Khriachtchev, L. ; Pettersson, M. ; Gerber, B. R. Tribute to Markku O. Rasanen. JOURNAL OF PHYSICAL CHEMISTRY A 2015, 119, 2187-2190.
Romonosky, D. E. ; Nguyen, L. Q. ; Shemesh, D. ; Nguyen, T. B. ; Epstein, S. A. ; Martin, D. B. C. ; Vanderwal, C. D. ; Gerber, B. R. ; Nizkorodov, S. A. Absorption spectra and aqueous photochemistry of beta-hydroxyalkyl nitrates of atmospheric interest. MOLECULAR PHYSICS 2015, 113, 2179-2190.Abstract
Molar absorption coefficients were measured for select alkyl nitrates and beta-hydroxyalkyl nitrates in methanol. The presence of the beta-hydroxyl group has a relatively minor effect on the absorption spectrum in the vicinity of the weak n -> pi* transition, which is responsible for photolysis of organic nitrates in the atmosphere. For both alkyl nitrates and beta-hydroxyalkyl nitrates, there is an enhancement in the absorption coefficients in solution compared to the gas-phase values. The effect of the beta-hydroxyl group on the spectra was modelled with molecular dynamics simulations using an OM2/GUGA-CI Hamiltonian for ethyl nitrate and beta-hydroxyethyl nitrate. The simulation provided a qualitatively correct shape of the low energy tail of the absorption spectrum, which is important for atmospheric photochemistry. The role of direct aqueous photolysis in removal of beta-hydroxyalkyl nitrates in cloud and fog water was modelled using a relative rate approach, and shown to be insignificant relative to gas-phase photochemical processes and aqueous OH oxidation under typical atmospheric conditions.
Roy, T. K. ; Kopysov, V. ; Nagornova, N. S. ; Rizzo, T. R. ; Boyarkin, O. V. ; Gerber, B. R. Conformational Structures of a Decapeptide Validated by First Principles Calculations and Cold Ion Spectroscopy. CHEMPHYSCHEM 2015, 16, 1374-1378.Abstract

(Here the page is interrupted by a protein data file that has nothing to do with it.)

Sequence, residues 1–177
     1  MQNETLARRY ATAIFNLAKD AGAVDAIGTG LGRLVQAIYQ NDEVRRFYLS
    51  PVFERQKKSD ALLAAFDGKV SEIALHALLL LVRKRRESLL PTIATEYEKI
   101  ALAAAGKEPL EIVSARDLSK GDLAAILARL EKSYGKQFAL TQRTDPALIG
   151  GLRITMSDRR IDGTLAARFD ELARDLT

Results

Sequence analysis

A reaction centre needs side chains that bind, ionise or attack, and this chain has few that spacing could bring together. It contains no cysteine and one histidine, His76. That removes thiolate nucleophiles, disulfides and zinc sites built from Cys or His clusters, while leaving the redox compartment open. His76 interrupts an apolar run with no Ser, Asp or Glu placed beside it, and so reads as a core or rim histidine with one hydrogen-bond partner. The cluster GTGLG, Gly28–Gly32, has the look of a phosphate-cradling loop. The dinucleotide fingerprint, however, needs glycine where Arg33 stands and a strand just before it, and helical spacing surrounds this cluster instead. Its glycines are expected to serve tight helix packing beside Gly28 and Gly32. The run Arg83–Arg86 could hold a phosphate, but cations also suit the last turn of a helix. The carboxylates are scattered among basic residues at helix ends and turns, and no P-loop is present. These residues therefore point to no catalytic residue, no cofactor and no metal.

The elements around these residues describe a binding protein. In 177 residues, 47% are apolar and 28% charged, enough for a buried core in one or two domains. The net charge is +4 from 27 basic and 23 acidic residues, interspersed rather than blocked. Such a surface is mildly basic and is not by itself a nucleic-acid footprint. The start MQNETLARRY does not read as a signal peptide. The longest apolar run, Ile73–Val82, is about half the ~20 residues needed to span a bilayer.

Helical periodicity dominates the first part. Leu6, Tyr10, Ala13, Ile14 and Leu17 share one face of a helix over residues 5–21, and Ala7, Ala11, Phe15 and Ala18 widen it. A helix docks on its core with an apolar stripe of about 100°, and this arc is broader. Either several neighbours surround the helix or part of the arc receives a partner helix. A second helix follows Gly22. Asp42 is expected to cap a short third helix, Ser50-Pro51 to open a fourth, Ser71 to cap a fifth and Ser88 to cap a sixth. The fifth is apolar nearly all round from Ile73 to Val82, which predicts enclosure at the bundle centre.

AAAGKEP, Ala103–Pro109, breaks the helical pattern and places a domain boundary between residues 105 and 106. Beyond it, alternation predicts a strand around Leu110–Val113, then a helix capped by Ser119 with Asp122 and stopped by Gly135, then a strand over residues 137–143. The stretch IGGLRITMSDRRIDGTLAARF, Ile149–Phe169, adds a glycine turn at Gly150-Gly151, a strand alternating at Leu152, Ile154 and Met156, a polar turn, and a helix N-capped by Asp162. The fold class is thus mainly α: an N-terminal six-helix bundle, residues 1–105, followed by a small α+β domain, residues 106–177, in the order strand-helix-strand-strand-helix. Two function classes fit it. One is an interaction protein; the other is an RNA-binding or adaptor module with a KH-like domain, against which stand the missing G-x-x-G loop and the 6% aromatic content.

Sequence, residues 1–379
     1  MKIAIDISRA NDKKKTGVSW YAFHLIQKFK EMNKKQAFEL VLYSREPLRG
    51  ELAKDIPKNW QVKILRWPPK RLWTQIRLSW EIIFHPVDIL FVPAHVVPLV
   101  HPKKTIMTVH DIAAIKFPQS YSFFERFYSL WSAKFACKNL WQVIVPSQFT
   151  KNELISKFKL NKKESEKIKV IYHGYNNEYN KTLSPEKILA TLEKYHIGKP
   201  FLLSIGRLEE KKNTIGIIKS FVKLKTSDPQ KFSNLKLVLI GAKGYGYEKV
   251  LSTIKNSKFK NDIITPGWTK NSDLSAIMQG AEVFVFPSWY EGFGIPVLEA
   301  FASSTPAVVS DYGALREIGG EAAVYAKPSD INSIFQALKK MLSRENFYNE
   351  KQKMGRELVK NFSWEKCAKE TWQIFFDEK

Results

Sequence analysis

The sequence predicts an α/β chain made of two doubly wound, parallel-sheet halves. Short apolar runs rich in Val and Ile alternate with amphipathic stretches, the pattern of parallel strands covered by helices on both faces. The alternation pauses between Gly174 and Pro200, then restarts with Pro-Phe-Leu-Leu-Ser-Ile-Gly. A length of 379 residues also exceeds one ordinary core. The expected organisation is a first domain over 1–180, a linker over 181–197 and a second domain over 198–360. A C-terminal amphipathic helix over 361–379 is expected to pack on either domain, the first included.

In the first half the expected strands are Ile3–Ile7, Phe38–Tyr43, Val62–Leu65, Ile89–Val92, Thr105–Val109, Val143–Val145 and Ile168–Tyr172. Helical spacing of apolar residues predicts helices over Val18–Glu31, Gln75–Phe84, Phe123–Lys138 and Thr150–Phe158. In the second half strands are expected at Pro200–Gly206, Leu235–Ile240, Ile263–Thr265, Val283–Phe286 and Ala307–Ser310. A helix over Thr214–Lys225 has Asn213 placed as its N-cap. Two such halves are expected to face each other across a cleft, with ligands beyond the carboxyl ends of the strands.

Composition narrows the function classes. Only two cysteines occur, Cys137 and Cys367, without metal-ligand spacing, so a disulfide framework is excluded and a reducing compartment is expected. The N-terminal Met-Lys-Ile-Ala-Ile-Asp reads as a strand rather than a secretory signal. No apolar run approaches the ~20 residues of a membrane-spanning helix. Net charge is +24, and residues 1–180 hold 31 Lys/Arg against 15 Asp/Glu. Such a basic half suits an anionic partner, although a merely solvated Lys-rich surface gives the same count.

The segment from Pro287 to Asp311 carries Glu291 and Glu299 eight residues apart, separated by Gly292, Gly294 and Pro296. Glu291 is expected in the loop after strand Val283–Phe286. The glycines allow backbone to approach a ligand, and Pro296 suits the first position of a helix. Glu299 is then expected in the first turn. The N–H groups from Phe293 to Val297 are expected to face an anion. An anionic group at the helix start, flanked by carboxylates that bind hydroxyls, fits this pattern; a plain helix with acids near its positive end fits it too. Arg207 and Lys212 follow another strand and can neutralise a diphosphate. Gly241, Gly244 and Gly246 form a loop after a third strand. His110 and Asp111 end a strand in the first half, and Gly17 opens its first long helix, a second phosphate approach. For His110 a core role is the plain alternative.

Calculated structures of the two most stable conformers of a protonated decapeptide gramicidin S in the gas phase have been validated by comparing the vibrational spectra, calculated from first- principles and measured in a wide spectral range using infrared (IR)-UV double resonance cold ion spectroscopy. All the 522 vibrational modes of each conformer were calculated quantum mechanically and compared with the experiment without any recourse to an empirical scaling. The study demonstrates that first-principles calculations, when accounting for vibrational anharmonicity, can reproduce high-resolution experimental spectra well enough for validating structures of molecules as large as of 200 atoms. The validated accurate structures of the peptide may serve as templates for in silico drug design and absolute calibration of ion mobility measurements.
Perraud, V. ; Horne, J. R. ; Martinez, A. S. ; Kalinowski, J. ; Meinardi, S. ; Dawson, M. L. ; Wingen, L. M. ; Dabdub, D. ; Blake, D. R. ; Gerber, B. R. ; et al. The future of airborne sulfur-containing particles in the absence of fossil fuel sulfur dioxide emissions. PROCEEDINGS OF THE NATIONAL ACADEMY OF SCIENCES OF THE UNITED STATES OF AMERICA 2015, 112, 13514-13519.Abstract